Downtown Friendly Store Designs 1 – Wal-Mart

This is the first in a long series of planned postings intended to demonstrate that a whole slew of major retail chains can — when they want to or are “induced” to — come up with attractive designs for their downtown stores that encourage pedestrian traffic and cross-shopping, while not visually violating the urban fabric. My goals in these postings are to:

  1. Encourage downtown leaders to demand downtown friendly store designs from retailers, no matter how strong and powerful they may be
  2. Provide examples of downtown friendly designs that many of these chains may deny having
  3. Feature some retailers who have shown that they really understand how to fit into a tight urban fabric and do so with strong and successful stores.

For many downtown leaders and activists, Wal-Mart is Public Enemy No.1. It is, therefore, very interesting that Wal-Mart opened in 2002 a very out of character store in CityPlace, a mixed-use development in the heart of downtown Long Beach, CA. (See photo:double click on it for larger view.) This development has 450,000 square feet of retail space and 341 residential units. Retail tenants include Wal-Mart, 134,147 square feet, Albertson’s, 57,945 square feet, Sav-on, 14,884 square feet, Nordstrom Rack, 29,945 square feet, Ross Dress For Less, 28,073 square feet, and scores of smaller operations occupying the remaining space.

The fact that Wal-Mart is anchoring a major downtown open air shopping center with many small stores opening nearby is in itself out of the ordinary. However, the design of the store is also unusual in that it tries to avoid long dead walls, incorporates other stores in an attached “sleeve” and provides parking in a nearby garage. The design seems intended to allow the smaller store to benefit from the customer traffic Wal-Mart generates.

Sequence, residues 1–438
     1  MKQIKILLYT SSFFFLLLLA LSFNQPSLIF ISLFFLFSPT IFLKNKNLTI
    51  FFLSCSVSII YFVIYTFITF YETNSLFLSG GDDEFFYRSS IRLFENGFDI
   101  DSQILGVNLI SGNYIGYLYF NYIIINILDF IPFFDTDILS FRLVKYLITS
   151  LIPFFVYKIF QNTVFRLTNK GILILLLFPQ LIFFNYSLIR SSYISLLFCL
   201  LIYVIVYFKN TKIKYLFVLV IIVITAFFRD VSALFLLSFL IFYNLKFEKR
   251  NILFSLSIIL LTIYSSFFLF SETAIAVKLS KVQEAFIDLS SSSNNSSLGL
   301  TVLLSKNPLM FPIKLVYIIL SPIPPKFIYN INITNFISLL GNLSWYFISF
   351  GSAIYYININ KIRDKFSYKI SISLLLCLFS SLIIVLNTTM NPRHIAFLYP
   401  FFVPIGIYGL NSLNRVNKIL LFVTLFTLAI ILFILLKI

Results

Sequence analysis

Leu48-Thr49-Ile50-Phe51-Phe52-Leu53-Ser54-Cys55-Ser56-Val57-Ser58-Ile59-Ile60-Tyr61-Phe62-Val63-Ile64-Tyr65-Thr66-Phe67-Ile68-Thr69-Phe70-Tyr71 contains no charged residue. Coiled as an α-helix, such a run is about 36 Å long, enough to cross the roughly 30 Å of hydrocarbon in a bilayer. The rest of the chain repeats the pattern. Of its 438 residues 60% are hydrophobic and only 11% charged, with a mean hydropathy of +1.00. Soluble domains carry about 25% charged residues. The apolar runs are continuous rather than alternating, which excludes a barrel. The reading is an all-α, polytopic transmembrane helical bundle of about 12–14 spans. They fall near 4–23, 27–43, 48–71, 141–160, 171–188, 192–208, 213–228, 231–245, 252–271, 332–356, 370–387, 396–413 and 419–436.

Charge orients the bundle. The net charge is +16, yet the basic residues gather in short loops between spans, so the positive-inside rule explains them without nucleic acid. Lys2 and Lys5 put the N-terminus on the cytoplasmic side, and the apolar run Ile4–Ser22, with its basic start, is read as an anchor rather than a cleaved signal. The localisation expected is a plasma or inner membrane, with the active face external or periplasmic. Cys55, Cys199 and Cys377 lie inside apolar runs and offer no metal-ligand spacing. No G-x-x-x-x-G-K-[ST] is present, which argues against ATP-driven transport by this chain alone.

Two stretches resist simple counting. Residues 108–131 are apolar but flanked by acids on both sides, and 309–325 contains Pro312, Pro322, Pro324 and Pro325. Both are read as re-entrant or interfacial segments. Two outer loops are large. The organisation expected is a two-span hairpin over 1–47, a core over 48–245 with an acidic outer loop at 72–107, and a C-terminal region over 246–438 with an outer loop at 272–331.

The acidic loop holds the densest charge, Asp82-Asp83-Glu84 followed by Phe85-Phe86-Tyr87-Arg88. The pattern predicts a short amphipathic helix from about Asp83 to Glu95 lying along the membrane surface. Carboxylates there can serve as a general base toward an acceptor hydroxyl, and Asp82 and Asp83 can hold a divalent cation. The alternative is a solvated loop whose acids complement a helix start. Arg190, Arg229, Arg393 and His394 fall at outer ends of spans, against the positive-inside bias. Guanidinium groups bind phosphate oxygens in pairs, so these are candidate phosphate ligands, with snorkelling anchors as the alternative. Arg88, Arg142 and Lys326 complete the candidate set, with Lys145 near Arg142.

The CityPlace Wal-Mart overcomes the design problems of the Wal-Mart in downtown Rutland, VT, where a huge parking lot in front of the store serves as a moat separating it from the rest of the downtown.

If Wal-Mart can come up with this type of store design in Long Beach, then it is reasonable to demand that it provide store designs of similar quality and sensibility in other downtowns.

If Wal-Mart can do it, then it also is reasonable to demand that other retailers do the same. As I will try to demonstrate in future postings, many, many retail chains are quite capable of opening stores with downtown friendly designs — unfortunately, they often have to be banged over the head to do it. Often, problems are generated not by the rertail chain, but by the developer or franchisee.